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Florence - Patrick Lumumba, the Congolese pub owner who spent two weeks in prison in 2007 after being wrongly implicated in the murder of British student Meredith Kercher, wants the real culprit to finally be nabbed.
“Poor Meredith deserves justice,” he said as the fourth trial in six years on the Kercher case opened in Florence, Italy.
The country's Byzantine legal system has struggled to find a definitive answer to the question of who killed the 21-year-old, who was found in her bedroom on November 2, 2007, half naked, her body covered with multiple stab wounds.
Judges in Perugia, the medieval university town where Kercher had gone to study abroad for a year, first blamed her former flatmate Amanda Knox and her then-lover, Italian Raffaele Sollecito. They were eventually sentenced to long prison sentences in 2009.
But two years later, in 2011, an appeals court overturned the ruling and set Knox and Sollecito free, finding that incriminating DNA evidence from the murder scene was unreliable.
The wheel turned again in March this year, when a top appeals body invalidated that verdict and ordered a retrial to take place in Florence.
Carlo Della Vedova, a member of Knox's defence panel, argued that the Kercher case risked going back and forth between Italian courts “ad infinitum,” as the highest appeal body, the Court of Cassation, can always invalidate the verdicts issued by lower tribunals.
Paradoxically, he argued in favour of adding another hurdle to the saga: stopping proceedings in Florence to ask Italy's Constitutional Court whether Knox's right to be judged in a reasonable amount of time was being breached.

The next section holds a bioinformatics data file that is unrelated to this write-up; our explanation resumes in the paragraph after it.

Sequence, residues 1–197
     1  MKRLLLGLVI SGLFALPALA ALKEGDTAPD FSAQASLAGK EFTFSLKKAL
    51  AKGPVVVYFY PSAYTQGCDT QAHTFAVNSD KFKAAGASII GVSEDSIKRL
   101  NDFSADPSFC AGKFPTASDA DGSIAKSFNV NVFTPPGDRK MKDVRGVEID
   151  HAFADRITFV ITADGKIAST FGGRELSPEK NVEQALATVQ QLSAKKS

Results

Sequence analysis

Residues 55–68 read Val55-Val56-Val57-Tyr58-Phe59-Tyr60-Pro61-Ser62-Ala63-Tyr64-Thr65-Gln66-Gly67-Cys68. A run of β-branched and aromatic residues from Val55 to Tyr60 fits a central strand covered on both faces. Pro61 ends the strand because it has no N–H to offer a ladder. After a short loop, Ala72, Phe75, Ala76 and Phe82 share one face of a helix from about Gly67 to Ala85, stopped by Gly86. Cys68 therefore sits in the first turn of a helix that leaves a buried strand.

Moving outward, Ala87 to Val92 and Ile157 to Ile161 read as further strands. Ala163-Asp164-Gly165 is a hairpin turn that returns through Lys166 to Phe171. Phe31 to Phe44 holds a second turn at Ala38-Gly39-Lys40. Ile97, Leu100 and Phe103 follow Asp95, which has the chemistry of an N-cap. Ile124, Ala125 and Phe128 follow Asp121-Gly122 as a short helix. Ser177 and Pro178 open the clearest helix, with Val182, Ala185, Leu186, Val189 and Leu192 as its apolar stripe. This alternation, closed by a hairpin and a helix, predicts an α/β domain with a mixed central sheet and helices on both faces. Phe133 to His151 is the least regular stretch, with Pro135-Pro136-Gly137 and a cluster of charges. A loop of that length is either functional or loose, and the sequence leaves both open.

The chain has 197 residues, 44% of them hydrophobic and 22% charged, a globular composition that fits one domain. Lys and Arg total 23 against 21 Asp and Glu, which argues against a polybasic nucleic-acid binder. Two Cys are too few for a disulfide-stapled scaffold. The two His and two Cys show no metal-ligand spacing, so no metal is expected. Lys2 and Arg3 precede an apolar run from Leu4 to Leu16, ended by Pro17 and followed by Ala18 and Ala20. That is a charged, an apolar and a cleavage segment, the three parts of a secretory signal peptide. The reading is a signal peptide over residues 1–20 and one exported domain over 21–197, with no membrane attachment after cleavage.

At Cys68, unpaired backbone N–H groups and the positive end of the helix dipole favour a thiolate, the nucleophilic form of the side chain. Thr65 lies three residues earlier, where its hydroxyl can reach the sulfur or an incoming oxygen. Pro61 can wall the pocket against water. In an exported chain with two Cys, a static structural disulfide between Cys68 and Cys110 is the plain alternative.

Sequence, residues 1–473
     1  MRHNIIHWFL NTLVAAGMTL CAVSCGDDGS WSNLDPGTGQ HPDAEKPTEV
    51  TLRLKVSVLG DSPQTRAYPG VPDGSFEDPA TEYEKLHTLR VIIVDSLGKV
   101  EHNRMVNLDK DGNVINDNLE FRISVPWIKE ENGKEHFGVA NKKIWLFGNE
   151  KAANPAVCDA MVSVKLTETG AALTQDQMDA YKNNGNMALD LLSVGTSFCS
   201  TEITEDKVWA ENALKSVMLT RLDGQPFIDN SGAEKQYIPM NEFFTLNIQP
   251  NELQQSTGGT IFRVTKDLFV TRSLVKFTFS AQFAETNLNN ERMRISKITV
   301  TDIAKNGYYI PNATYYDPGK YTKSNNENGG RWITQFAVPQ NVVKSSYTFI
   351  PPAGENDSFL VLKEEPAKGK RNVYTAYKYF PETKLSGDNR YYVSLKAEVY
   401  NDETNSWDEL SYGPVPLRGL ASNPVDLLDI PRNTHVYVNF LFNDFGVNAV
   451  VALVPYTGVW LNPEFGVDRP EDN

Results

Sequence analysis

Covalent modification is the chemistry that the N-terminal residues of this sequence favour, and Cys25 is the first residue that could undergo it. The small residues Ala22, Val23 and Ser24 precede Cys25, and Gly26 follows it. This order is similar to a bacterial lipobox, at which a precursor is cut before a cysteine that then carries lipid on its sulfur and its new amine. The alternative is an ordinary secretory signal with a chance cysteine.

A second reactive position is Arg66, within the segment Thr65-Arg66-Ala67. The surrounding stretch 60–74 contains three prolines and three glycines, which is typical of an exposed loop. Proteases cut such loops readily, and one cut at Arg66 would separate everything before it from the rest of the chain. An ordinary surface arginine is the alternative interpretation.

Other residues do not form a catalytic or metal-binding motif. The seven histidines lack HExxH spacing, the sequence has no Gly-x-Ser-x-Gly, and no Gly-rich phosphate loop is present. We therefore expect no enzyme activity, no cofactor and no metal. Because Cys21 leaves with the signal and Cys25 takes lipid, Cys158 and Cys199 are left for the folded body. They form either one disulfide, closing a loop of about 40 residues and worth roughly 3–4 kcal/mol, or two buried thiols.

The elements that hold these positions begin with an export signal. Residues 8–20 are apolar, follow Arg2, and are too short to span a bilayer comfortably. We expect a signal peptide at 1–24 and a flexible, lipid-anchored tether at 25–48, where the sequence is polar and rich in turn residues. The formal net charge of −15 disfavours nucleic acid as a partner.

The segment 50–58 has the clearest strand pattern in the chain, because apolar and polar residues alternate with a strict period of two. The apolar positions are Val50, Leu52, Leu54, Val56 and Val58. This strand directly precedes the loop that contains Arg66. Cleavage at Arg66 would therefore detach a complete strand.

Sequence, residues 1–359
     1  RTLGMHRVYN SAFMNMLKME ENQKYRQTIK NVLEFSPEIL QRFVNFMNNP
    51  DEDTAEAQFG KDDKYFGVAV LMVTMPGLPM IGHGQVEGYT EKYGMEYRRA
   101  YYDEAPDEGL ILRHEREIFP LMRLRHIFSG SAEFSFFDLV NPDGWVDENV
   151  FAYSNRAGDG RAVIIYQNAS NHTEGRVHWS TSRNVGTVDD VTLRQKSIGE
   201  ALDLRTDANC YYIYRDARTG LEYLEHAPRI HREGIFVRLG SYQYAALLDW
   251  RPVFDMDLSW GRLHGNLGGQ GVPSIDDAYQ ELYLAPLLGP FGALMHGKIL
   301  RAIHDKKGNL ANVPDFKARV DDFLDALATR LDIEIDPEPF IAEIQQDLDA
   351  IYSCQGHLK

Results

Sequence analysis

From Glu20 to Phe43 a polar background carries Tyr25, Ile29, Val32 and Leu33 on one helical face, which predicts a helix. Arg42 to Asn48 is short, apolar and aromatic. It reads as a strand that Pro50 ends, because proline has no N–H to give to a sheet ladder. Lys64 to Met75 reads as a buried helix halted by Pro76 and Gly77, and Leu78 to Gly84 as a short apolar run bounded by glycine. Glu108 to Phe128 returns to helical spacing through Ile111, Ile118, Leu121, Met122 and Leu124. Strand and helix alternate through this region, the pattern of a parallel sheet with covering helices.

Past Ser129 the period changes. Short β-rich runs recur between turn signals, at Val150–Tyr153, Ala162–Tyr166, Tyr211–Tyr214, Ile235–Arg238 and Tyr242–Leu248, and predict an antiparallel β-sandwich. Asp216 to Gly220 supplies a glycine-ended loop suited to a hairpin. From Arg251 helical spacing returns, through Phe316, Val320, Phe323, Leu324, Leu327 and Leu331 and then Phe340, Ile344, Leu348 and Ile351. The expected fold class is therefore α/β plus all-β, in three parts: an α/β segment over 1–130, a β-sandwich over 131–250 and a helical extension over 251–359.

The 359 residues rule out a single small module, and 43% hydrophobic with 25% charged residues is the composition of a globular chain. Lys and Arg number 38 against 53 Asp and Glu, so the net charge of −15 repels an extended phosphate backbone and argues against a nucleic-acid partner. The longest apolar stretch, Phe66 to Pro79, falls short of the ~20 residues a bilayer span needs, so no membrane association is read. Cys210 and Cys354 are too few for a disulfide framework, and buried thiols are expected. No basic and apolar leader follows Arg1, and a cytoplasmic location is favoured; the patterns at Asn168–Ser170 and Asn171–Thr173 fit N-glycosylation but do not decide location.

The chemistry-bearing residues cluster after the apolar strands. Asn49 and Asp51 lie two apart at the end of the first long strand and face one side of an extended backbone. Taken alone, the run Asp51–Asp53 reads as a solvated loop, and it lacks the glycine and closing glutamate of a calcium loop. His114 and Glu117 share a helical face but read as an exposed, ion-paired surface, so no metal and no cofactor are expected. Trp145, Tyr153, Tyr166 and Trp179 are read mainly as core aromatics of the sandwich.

Prosecutor Alessandro Crini dismissed the request as “irrelevant” and “manifestly unfounded.” He noted that appeals have to be properly motivated and stressed the overarching aim of “getting closer and closer to the (judicial) truth.”
Giulia Bongiorno, a high-profile lawyer and a one-time lawmaker who was once allied with former premier Silvio Berlusconi, was in court representing Sollecito. She warned that proceedings risked dragging on “for the next five or six years.”
To stave off that risk, she urged presiding judge Alessandro Nencini to turn down prosecutors' requests to listen to “unreliable” witnesses, such as a woman who says she heard a scream coming from Kercher's apartment the night she is believed to have been killed.
At the same time, she called for more “scientific” tests on contentious issues, such as whether Sollecito and Knox could really have erased their traces from Kercher's bedroom while leaving those of Rudy Guede, their alleged accomplice.
The Ivory Coast-born Guede is serving a 16-year jail term after being found guilty in separate fast-track proceedings that ended three years ago. Judges concluded that he did not act alone and suggested that Kercher may have been killed after group sex.
Meanwhile, Crini agreed to more DNA testing on the presumed murder weapon - a knife - and for the court to hear again Sollecito's ex prison cellmate Luciano Aviello, a witness of suspect reliability.
Both moves were suggested by the Cassation Court when it invalidated Knox and Sollecito's acquittal.
Nencini, the man who was going to decide what the retrial was going to focus on, signaled that he did not want to steamroll ahead. “This is is not a Taliban court, we will give everybody time to make their arguments,” he said.
In a letter presented by their lawyer, Francesco Maresca, Kercher's parents and her sister Stephanie said they would follow proceedings from their home in Britain, hoping for closure.
“It has been the most difficult six years of our lives,” they wrote. “We desperately want to find the truth and justice for Meredith, who was so brutally and unnecessarily taken from us.”
Lumumba, who was dragged into the affair after Knox lied to police that she saw him entering Kercher's bedroom, had more clear-cut expectations. He told reporters that all he wanted was “that Amanda goes back to prison.”